Going loco not that far from Acapulco. Doesn’t really have the same ring to it does it? Going loco in Acapulo was the original plan, but this was quickly changed when, from a number of different sources, we learned that as well as being famous because of the Four Tops song, Acapulco is also famous for the dirtiness of its water, the corruption of its local police and its staggeringly high murder rate*. The song is a banger, the place itself, it would seem, not so much.
Fortunately, exciting and interesting alternative destinations are not going to be hard to come by on this trip, and we quickly settled on a Plan B of travelling to Oaxaca**. So, after a couple more days exploring Mexico City, including a brilliant evening in a local bar sampling a little bit too much Mezcal***, we jumped on the Mexican equivalent of National Express (ADO) for the seven hour journey.
Oaxaca is a medium-sized city about halfway between Mexico City and the Pacific coast, and is the capital of the Mexican state of the same name. Our hostel, booked on our strict criteria of not-awful Hostelworld reviews and possessing a roof terrace, turned out to be another winner, centrally located and filled with young, friendly travelers. They also had beautiful, imaginatively-named yellow Labrador called ‘Doggy’. He was apparently taken in by the hostel staff after being found hanging around by the back door. The fact that he had all the physical signs and personality characteristics of a pedigree working-strain lab made me laugh, thinking about paying £500-£800 for a puppy with good ‘hip scores’ in the UK, as opposed to just having one turn up in your garden.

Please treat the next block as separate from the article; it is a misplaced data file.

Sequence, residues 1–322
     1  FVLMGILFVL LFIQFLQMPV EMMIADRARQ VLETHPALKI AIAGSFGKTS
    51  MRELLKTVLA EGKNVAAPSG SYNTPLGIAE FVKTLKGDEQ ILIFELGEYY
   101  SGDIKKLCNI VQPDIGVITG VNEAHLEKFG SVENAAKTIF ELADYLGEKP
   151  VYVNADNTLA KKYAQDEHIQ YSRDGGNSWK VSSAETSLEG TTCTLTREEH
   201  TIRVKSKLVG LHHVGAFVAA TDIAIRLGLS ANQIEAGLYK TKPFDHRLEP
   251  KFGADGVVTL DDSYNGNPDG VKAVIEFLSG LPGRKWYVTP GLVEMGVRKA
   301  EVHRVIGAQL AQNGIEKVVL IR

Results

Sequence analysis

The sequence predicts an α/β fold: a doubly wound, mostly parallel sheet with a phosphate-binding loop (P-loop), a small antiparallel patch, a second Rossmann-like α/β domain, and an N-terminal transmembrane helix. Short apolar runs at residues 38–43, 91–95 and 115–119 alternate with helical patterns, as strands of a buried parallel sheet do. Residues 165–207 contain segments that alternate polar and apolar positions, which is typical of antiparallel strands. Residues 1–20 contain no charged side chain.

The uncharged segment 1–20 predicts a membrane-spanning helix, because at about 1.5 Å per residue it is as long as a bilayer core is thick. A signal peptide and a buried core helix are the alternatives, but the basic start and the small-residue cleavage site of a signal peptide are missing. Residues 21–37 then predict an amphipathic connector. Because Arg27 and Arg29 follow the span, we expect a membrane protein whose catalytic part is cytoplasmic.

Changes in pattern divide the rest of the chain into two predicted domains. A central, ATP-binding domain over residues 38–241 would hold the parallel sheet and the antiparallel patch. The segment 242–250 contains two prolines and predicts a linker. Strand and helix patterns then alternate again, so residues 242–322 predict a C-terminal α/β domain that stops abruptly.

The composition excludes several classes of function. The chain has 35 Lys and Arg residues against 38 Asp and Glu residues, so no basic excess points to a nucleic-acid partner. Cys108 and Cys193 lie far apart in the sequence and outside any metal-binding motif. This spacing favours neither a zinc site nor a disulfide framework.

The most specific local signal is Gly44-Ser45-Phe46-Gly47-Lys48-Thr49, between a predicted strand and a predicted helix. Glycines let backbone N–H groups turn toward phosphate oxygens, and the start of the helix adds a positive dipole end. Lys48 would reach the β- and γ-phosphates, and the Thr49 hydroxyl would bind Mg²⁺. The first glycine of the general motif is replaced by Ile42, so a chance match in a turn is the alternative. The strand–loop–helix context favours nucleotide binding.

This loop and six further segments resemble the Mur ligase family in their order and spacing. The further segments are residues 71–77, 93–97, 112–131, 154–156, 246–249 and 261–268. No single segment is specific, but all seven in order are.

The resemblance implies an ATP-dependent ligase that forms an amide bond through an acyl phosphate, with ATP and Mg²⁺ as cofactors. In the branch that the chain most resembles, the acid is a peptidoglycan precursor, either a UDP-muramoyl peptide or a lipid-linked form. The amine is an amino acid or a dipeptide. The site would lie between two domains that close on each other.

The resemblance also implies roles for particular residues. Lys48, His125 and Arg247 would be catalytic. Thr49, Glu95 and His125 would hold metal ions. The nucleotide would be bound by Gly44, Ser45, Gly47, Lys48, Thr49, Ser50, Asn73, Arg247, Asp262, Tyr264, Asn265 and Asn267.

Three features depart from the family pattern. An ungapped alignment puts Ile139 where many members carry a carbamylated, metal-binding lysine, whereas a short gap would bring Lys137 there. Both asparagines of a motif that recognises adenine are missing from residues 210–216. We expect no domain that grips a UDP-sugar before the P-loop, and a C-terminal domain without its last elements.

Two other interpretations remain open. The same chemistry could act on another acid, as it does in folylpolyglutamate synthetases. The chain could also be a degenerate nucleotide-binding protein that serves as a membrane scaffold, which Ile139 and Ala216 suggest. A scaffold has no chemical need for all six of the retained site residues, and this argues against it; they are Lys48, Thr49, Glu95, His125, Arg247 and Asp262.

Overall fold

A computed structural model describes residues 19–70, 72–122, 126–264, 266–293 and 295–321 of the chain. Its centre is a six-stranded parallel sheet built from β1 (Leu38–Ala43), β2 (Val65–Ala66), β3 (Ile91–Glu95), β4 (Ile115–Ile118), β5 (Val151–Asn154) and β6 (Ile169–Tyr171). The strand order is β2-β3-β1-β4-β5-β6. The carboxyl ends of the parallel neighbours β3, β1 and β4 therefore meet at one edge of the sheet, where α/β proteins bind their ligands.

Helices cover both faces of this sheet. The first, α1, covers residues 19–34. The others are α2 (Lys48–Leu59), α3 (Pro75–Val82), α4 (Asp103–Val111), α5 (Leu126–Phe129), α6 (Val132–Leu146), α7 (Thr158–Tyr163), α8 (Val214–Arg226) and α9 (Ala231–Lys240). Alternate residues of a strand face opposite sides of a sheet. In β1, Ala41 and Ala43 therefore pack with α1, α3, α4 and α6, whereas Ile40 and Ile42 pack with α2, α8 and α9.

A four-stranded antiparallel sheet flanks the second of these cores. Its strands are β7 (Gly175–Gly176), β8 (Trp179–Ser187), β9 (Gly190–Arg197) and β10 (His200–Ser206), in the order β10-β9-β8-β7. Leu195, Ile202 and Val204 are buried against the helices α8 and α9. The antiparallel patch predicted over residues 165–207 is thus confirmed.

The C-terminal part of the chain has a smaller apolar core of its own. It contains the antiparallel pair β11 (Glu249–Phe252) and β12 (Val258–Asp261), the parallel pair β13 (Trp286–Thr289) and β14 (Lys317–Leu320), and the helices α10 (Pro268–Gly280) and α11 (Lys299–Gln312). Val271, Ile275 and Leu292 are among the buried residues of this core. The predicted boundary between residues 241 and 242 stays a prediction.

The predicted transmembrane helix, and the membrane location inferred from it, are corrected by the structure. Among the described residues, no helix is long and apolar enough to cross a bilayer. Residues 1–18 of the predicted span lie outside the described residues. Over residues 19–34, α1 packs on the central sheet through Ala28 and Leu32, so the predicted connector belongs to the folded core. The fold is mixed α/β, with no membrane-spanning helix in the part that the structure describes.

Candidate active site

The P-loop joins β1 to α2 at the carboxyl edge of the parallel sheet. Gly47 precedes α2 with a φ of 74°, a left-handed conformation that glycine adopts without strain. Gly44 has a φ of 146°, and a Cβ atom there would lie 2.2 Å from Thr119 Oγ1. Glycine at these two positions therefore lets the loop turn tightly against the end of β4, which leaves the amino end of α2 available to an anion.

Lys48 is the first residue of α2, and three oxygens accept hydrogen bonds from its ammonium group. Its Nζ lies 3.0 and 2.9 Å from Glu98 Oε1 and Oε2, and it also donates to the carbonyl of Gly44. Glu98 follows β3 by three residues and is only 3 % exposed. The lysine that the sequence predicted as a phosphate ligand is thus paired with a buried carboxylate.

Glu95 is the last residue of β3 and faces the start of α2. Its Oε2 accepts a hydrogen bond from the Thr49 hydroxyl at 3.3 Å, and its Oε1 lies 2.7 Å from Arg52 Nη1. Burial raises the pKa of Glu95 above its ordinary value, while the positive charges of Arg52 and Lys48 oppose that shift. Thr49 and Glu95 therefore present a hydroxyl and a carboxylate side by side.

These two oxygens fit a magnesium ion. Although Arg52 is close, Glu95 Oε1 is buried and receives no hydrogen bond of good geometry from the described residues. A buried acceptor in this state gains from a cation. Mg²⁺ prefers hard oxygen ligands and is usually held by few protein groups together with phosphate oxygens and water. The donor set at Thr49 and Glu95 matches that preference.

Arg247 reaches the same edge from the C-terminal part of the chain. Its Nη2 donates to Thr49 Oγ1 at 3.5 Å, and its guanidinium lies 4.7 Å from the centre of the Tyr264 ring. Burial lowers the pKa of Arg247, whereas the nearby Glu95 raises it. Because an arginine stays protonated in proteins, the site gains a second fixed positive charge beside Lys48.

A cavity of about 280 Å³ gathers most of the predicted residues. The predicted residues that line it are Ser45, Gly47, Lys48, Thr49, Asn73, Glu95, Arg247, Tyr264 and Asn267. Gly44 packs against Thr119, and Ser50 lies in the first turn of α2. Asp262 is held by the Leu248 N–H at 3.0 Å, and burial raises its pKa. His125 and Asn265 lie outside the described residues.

The next day we set out for a stroll, and had quickly taken in the main church and the large, leafy Zocalo (square) that are the city’s sightseeing highlights. We could only peek at the ornate interior of the church though, as it was being used for a wedding, and did get briefly harassed by non-nonsensical old man in the Zocalo, whom we later concluded probably mistook us for Americans, and this was the day after the inauguration of ‘The Donald’.****
The culinary celebrities of the city were the seven different types of mole (a thick, typically chocolate-based savoury sauce), tlayudas (two huge, semi-crispy tortillas filled with beans and meat) and also chapulines (fried and spiced grasshoppers). We did suck it up and try the latter, even if only to say that we had. Verdict: very salty, a hint of lemon, and definitely not something I’ll be buying big bags of to take home and sprinkle in my sandwiches or season my salads. Ben’s pretty sure he had a tlayuda, but as it was on the way home from one of Oaxaca’s finest clubs at 3am, he can’t be sure it wasn’t another of the seemingly interchangeable Mexican dishes involving tortillas and mystery meat.
The day after, we had booked onto a tour to Monte Alban, some nearby pre-Hispanic ruins. They were beautifully preserved and at the top of a large hill, so the panoramic views of the surrounding valley were spectacular. The sun was out in force though, and we were both carrying fairly potent hangovers, so this may have distracted from our enjoyment of proceedings. The tour guide was extremely enthusiastic and most certainly a charmer. He was also the type to beef up his explanations of the site by drawing maps in the dirt with a little stick, so obviously Ben absolutely loved him.
I’m just about managing to type this from the back seat of a minibus as it careers down some windy mountain roads on the way to our next destination – Puerto Escondido; a small town located on the Pacific South coast of Mexico and famous as a white-sanded, clear-watered surf spot with amazing seafood and vibrant nightlife.
Sounds rubbish doesn’t it?
* Fourth highest in the world, if you were wondering
***A white spirit made from the same cactus as, and very similar to tequila. I enjoyed it much more than any tequila I’ve ever had because it has a lovely, smokey aftertaste and didn’t leave me sprinting to a nightclub toilet to throw up
****He was also shitfaced